British police are searching for the "callous" thieves that reportedly attempted to steal the ashes of famed psychoanalyst Sigmund Freud and his wife from a London crematorium, and in the process caused severe damage to the 2,400-year-old urn that housed the remains.
"Between December 31 and January 1, burglars attempted to steal an urn containing the remains of Sigmund Freud and his wife Martha," the Metropolitan Police said in a statement to the public.
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Detectives said Wednesday that the 4th century BC Greek urn — which depicts Dionysus, the Greek god of wine and ecstasy — was a gift to Freud from close friend and fellow psychoanalyst Princess Marie Bonaparte. It was "severely damaged" by the robbers, who reportedly smashed it, according to the London Evening Standard.
"This was a despicable act by a callous thief," Detective Constable Daniel Chandler of the Metropolitan Police told Agence France-Presse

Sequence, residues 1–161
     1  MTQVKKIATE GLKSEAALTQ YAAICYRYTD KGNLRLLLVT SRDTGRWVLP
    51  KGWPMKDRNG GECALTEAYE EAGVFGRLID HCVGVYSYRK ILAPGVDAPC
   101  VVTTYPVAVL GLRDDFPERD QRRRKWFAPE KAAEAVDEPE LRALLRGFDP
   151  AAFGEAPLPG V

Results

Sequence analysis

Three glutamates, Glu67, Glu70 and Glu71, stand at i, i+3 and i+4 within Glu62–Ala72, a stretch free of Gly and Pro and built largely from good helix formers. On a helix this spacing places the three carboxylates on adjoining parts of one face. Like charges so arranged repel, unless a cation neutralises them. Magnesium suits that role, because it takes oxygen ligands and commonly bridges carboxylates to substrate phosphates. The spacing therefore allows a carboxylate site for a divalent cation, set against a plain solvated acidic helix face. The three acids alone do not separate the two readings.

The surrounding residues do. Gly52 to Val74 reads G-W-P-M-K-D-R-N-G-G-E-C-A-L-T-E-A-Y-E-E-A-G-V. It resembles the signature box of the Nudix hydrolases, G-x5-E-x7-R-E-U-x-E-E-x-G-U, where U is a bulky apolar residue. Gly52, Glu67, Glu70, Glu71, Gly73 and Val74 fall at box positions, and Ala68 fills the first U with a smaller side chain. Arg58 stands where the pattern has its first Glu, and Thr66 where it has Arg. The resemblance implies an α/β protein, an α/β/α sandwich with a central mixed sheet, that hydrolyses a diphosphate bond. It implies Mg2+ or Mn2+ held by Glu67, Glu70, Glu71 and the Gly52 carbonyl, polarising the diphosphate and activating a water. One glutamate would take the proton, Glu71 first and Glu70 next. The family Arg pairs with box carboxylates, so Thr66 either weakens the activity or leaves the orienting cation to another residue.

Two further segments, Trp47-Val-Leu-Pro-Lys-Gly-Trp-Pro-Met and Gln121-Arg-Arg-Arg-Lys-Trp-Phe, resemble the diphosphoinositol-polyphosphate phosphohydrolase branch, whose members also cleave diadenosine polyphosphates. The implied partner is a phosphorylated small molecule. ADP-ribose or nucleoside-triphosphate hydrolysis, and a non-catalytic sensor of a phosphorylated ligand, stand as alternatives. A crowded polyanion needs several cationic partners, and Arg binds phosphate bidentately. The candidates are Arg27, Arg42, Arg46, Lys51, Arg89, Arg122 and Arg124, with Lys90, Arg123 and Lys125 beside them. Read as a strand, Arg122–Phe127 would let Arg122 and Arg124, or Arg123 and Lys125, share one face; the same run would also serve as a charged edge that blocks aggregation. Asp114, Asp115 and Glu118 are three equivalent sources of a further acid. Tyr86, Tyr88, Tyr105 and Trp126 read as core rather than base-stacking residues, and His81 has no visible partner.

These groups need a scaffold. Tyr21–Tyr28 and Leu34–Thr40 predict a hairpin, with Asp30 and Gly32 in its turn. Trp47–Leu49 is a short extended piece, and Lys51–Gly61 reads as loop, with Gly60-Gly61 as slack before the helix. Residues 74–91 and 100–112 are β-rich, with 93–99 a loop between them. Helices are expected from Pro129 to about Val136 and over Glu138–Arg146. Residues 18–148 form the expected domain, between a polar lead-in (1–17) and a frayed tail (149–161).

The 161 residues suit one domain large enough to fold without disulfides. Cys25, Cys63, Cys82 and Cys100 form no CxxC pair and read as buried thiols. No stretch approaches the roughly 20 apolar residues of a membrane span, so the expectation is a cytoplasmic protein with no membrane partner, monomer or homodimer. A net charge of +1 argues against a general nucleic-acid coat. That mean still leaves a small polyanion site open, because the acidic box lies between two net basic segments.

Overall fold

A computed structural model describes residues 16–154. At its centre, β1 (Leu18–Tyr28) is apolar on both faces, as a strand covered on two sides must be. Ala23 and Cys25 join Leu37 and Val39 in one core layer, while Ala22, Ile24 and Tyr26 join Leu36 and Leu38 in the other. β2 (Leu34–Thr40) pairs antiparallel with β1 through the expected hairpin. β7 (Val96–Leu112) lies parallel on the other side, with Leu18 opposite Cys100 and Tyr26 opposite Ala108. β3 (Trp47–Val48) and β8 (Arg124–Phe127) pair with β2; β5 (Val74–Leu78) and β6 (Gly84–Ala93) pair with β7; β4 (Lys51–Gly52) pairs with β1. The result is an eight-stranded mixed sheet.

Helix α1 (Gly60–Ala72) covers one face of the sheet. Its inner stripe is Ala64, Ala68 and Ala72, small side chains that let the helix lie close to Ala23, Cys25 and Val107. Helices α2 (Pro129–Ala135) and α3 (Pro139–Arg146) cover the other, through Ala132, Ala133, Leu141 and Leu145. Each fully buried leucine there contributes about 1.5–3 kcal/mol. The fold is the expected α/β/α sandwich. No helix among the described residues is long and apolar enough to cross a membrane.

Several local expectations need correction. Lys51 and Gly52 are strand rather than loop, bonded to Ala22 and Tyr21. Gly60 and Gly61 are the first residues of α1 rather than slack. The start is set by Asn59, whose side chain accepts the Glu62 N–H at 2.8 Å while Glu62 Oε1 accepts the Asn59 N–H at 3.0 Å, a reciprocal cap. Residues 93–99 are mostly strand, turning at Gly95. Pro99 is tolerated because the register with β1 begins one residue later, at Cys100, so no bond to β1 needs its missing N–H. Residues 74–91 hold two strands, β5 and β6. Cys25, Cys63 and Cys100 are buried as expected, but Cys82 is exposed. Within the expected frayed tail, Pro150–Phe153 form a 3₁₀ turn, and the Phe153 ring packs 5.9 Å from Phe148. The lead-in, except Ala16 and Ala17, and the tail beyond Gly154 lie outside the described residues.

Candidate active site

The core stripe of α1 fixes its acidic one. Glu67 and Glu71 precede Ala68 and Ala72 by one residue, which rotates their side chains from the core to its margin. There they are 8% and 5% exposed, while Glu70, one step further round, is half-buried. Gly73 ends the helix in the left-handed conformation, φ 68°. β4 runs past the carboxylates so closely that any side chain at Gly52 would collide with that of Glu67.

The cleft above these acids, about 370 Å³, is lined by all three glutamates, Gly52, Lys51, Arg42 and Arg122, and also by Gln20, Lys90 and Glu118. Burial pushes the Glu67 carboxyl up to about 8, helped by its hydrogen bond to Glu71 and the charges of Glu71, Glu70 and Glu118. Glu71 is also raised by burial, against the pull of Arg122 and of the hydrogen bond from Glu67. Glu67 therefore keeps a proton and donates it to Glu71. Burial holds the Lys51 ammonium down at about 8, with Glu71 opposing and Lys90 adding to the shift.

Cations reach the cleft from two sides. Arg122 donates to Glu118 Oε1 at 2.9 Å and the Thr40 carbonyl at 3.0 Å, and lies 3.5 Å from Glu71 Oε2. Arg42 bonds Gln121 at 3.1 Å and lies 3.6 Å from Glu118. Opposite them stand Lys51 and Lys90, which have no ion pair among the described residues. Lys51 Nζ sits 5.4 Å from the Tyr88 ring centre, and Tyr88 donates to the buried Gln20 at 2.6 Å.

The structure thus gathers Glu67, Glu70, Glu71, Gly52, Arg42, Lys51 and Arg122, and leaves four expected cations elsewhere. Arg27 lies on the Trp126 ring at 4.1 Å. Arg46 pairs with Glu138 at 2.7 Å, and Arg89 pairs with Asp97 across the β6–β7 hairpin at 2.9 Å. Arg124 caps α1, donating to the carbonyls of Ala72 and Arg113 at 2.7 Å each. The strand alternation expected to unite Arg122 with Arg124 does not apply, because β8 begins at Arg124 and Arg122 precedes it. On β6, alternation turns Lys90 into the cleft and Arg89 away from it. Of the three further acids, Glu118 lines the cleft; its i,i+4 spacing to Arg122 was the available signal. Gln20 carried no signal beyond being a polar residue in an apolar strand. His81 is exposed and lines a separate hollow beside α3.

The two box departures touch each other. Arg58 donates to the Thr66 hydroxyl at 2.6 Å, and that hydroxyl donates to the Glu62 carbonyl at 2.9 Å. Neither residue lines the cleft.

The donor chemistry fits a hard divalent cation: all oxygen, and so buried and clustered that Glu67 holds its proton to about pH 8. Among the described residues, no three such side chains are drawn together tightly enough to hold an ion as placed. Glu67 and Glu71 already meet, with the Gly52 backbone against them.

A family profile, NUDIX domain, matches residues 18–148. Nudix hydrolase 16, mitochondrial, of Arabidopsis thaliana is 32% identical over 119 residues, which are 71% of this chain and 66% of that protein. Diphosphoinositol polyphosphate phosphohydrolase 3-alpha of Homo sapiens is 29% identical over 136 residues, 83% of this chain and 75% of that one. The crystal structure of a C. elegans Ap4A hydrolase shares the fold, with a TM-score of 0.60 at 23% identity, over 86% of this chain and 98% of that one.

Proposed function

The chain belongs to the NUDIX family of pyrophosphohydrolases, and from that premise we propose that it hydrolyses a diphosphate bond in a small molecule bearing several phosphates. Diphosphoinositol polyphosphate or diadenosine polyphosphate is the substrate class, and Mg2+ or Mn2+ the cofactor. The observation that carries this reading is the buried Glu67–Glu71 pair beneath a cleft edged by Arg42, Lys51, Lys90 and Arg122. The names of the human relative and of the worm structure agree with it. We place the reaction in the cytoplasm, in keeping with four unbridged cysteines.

. "Even leaving aside the financial value of the irreplaceable urn and the historical significance to whom it related, the fact that someone set out to take an object knowing it contained the last remains of a person defies belief."
Freud died in September 1939 at the age of 83. His ashes were placed in the urn and stowed at the Golders Green Crematorium near his home in North London. His wife, Martha Bernays, died in 1951 and her ashes were also placed in the urn.
Freud, considered the founding father of psychoanalysis, moved to Britain after fleeing Nazi-controlled Austria in 1938.
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